The process of probating a will refers to proving the document’s validity in court. It is a complicated proceeding that, in the most extreme examples, can take years to complete. When someone dies without a will, the probate court appoints an administrator for their estate. Similarly, the probate judge has the power to appoint guardians for minors and conservators for incapacitated adults.

If you have recently lost a loved one, a Staten Island probate lawyer could assist you with the process of probating their will. An attorney could also help you file the appropriate paperwork to assign a guardian or conservator. The probate process is complicated, but our attorneys work to help you resolve your loved one’s affairs in an efficient manner. Do not hesitate to contact the Law Offices of Louis P. Lepore when you have questions about the probate process.

The Probate Process in New York State

While the probate court has a variety of functions, it mainly oversees the processes of proving the authenticity of a deceased person’s last will and testament and distributing assets to designated beneficiaries according to their estate plan. New York’s probate process typically involves:

  • The court appointing an individual to administer the estate. If the deceased person had an estate plan, the administrator or executor may be named in their will. If there is no executor named, the probate court will nominate one.
  • The court confirming the will’s validity by determining if it complies with state requirements.
  • The deceased person’s assets being identified and appraised.
  • The executor paying any debts and taxes owed by the deceased out of the estate and then overseeing the distribution of the remaining assets to the named beneficiaries.

The New York Probate Code requires that estate executors and administrators in any probate asset proceeding satisfy two requirements: publishing a public notice to the deceased person’s creditors; and filing an inventory of the estate assets with the probate court. An estate executor or administrator should work with an experienced lawyer in Staten Island while navigating probate.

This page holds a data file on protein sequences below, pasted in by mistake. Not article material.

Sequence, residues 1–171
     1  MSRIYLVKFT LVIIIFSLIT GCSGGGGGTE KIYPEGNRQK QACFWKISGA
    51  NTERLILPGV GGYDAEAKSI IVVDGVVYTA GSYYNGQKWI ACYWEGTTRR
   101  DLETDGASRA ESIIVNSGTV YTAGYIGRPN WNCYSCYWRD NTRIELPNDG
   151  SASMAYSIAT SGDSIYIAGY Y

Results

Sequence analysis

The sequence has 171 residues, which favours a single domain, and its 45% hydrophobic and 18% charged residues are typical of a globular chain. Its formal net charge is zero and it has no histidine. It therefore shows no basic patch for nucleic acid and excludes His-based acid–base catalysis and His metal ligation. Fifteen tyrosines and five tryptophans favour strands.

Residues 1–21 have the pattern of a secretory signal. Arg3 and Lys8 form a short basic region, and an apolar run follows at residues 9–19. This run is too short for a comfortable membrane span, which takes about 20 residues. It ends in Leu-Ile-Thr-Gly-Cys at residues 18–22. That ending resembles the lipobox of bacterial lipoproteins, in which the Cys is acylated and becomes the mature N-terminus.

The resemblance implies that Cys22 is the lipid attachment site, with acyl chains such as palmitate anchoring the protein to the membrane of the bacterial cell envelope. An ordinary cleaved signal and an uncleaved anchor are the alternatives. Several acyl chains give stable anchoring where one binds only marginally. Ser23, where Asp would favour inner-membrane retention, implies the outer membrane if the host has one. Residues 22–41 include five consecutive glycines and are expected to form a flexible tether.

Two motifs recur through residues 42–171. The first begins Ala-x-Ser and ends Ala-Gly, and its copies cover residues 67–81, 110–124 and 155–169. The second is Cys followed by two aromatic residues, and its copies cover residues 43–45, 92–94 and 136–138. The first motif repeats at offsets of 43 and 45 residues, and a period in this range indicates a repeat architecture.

Avoiding Probate

The probate process is not always necessary—avoiding the costs and delays of probating a will can save family members both time and money. Someone can avoid the entire probate process by establishing a living trust. Unlike a will, which describes the distribution of assets upon death, a living trust transfers ownership of those assets to the trust itself. The living trust is managed by a designated trustee for the benefit of named beneficiaries. By transferring ownership of someone’s property to a trust, their heirs or beneficiaries can avoid the probate process entirely.

Another way to circumvent the probate process is to designate a beneficiary for financial accounts who receives the account’s assets upon the death of the account owner—this is known as payable-on-death. In addition, when property is owned jointly by spouses, it does not need to go through probate; it will automatically transfer due to the right of survivorship. A Staten Island attorney could offer more insight into whether probate is necessary.

Contested Wills

Any heir, beneficiary, or creditor can contest a will. The most common reasons someone would contest a will include:

  • Fraud
  • Forgery
  • Incapacity
  • Improper execution
  • Coercion and undue influence
  • The existence of a later-executed will

Should the probate court find that any of the above circumstances exist, it may deem the will invalid. A Staten Island lawyer could help draft a will that reduces the possibility of possible contestations during probate. When contests arise, a legal professional could help with efficiently working toward a fair resolution.

A Staten Island Probate Attorney Is Here To Help

Distributing someone’s assets after their death can be a complex and emotionally charged process. An experienced Staten Island probate lawyer could advise you on the appropriate paperwork to file and provide support during the estate administration process.

We understand how overwhelming the probate process can be and want to assist our clients with resolving their loved one’s affairs in the most efficient and painless way possible. When you have questions about probate or estate administration, give us a call.